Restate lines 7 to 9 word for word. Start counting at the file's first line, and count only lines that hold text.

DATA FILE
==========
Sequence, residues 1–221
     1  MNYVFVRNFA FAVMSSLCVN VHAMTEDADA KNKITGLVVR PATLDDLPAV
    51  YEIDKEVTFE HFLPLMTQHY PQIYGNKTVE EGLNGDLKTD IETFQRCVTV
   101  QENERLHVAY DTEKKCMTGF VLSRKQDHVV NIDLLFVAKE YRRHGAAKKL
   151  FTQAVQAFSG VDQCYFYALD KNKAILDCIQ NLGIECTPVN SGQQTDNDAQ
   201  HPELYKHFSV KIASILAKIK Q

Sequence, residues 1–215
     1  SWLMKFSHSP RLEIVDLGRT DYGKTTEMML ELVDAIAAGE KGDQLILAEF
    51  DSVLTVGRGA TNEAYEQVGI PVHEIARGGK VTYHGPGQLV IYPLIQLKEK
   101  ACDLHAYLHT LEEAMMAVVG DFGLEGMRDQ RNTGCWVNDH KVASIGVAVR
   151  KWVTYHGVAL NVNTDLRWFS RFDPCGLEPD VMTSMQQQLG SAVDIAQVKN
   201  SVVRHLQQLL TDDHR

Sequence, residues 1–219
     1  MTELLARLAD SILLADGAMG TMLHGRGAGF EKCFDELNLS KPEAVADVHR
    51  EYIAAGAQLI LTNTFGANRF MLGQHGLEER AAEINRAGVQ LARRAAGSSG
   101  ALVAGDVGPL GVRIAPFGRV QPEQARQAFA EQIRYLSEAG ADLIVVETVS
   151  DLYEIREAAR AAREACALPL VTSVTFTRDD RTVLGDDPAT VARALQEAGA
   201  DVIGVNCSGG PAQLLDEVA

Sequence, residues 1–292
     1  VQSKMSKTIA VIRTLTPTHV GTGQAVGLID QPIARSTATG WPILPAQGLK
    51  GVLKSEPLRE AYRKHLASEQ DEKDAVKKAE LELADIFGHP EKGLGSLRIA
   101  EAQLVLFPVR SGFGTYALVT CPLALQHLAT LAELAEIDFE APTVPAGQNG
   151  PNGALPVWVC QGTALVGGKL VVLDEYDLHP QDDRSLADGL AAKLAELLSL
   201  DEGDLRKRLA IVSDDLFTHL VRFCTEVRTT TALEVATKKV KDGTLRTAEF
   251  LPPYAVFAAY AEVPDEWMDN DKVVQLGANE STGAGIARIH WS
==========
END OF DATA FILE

Sequence, residues 1–215
     1  SWLMKFSHSP RLEIVDLGRT DYGKTTEMML ELVDAIAAGE KGDQLILAEF
    51  DSVLTVGRGA TNEAYEQVGI PVHEIARGGK VTYHGPGQLV IYPLIQLKEK